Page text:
Shipments to US, China could rescue slumping pangasius fish exports

Vietnam’s pangasius fish export turnovers have crashed, but the possibility of large orders to the U.S. and China could reverse the trend in 2023.

Vietnam’s seafood export turnover stood at less than $600 million last month, down 31% year-on-year, according to data from the Association of Seafood Exporters and Producers (VASEP). Pangasius values dropped a whopping 50%.

In the last quarter of 2022, pangasius fish export turnovers stood at $475 million, a year-on-year decrease of 12%.

However, according to VASEP, pangasius fish exports may be the seafood export industry’s best prospect for 2023, thanks to demand from Vietnam’s two largest markets: China and the U.S.

Last year, China and the U.S. accounted for 30% and 23% of Vietnam’s pangasius exports, respectively. And experts say those numbers could increase significantly this year.

China’s reopening early last month will help restore consumer confidence, promoting trade between the East Asian economy and Southeast Asia, according to David Liao, co-CEO of HSBC Asia-Pacific.

The reopening will help facilitate the export of many Vietnamese products, including pangasius fish to China.

Last year China spent $712 million buying Vietnamese pangasius fish, which contributed 40% of Vietnam’s total seafood export turnovers to its northern neighbor.

According to VASEP analysts, China’s lifting of its anti-Covid measures have not yet bring about a strong recovery for seafood orders, but they predict the new open policies will spike demand in the coming months.
“Chinese people tend to prefer [Vietnamese] pangasius over [Chinese] tilapia. Importing and exporting seafood is easier now. Freight costs have also dropped below pre-pandemic levels, creating more favorable conditions for trade,” VASEP expert Le Hang said.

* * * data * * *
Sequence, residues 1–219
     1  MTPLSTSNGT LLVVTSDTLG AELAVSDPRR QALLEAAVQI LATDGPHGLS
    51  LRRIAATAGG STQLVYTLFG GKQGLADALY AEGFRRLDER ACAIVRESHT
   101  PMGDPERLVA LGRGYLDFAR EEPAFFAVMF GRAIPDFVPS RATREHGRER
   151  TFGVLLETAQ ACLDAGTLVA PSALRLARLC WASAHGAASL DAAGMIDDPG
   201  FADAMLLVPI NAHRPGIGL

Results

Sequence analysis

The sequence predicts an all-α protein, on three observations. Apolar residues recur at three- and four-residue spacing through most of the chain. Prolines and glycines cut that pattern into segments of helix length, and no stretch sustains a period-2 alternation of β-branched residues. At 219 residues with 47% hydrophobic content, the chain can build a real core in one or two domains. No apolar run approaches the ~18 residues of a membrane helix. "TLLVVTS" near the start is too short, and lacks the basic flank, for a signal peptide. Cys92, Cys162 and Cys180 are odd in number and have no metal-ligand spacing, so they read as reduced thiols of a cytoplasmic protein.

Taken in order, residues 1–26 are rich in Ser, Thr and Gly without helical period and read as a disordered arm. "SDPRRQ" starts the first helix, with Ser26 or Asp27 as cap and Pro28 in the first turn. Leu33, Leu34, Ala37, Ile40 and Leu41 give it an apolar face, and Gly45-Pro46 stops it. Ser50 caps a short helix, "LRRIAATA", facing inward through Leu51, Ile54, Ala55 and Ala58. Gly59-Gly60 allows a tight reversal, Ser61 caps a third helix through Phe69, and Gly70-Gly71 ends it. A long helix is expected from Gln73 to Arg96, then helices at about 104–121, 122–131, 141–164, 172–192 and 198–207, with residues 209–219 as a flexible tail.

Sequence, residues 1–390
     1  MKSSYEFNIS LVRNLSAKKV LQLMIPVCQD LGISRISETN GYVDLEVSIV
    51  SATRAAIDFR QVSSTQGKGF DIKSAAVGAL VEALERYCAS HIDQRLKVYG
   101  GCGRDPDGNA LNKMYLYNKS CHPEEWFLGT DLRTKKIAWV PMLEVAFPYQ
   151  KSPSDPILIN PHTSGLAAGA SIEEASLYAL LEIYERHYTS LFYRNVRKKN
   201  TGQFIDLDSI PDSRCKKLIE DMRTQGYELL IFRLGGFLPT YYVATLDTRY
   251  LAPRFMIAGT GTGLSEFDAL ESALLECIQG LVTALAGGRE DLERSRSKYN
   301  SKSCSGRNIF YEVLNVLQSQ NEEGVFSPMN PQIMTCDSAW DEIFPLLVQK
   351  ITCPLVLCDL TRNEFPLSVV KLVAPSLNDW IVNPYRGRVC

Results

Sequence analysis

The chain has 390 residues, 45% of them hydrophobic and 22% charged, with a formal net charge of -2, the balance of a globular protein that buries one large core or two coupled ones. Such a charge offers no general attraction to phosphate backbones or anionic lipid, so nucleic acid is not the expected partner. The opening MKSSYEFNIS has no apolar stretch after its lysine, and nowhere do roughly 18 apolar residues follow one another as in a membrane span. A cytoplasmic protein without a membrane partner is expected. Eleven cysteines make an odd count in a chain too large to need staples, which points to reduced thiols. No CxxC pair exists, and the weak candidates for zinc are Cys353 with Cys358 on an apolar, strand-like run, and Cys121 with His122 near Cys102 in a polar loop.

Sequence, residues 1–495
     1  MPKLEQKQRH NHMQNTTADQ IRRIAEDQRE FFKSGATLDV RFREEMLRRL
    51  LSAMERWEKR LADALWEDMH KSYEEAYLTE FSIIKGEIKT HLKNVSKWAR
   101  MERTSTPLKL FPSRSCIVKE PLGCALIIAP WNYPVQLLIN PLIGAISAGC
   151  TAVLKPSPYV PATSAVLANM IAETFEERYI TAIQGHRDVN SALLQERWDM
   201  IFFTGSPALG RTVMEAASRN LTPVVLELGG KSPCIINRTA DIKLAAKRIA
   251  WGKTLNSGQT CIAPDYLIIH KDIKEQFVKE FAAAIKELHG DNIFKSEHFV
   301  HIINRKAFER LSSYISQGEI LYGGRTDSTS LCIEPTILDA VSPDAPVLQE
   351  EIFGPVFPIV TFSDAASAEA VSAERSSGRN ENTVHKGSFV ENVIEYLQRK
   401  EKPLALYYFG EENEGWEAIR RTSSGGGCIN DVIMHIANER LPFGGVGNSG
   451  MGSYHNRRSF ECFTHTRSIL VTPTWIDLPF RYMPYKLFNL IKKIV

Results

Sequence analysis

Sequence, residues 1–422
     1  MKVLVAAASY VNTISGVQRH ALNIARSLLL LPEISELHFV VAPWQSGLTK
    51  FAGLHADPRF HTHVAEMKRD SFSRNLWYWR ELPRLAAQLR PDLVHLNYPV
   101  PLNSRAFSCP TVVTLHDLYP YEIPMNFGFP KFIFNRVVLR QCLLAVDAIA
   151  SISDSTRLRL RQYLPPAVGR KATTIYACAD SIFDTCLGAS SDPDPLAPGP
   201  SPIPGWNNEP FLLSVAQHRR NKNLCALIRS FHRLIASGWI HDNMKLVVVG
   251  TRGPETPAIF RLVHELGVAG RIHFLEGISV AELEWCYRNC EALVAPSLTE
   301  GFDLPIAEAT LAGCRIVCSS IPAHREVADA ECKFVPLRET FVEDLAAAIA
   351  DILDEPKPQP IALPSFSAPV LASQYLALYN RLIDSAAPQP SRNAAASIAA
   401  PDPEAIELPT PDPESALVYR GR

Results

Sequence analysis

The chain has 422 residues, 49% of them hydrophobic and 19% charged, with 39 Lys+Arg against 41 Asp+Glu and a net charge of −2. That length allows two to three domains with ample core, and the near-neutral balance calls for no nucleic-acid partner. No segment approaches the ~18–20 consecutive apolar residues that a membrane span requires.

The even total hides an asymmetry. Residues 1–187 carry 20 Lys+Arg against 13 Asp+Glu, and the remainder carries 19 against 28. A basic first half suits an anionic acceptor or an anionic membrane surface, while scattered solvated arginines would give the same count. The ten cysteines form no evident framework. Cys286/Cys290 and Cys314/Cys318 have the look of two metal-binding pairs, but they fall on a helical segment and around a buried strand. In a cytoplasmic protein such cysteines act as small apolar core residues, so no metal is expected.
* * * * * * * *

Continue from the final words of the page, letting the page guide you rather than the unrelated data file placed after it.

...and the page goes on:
Pangasius Steak Hung Hau

In the U.S. market, the low supply of and high demand for white fish will necessitate more pangasius fish imports, industry insiders have said.

Experts and traders in the U.S. market are optimistic that demand for pangasius fish will thus spike later this year.

According to VASEP, Vietnamese pangasius’ major draws are its affordability and its easily available supply. During Lent, from late February to mid-April, the demand for fish of all kinds will increase, analysts have predicted.

Meanwhile, pangasius fish will also benefit from a U.S. ban on Russian cod, which is a popular white fish in the massive north American economy.

In addition, exports of tilapia – pangasius’ major white fish competitor – from China to the US remain low.

On the first business day after the Lunar New Year this January, Vietnamese seafood exporter Hung Ca prepared for an export order of 21 containers of pangasius fillets.

Meanwhile, another seafood exporter, Vinh Hoan, saw nearly 10,000 laid-off workers return to work for new orders.

VASEP predicts the seafood export recovery will be slow, and many experts don’t expect a surge in seafood exports until summer. Analysts say demand will not drop, and pangasius orders will eventually rise.

SSI Securities Corporation predicted seafood exports will increase in the second half of this year.

By the third quarter, seafood inventory will be back to full capacity in Vietnam, and new export orders will be placed, according to SSI economic forecasts.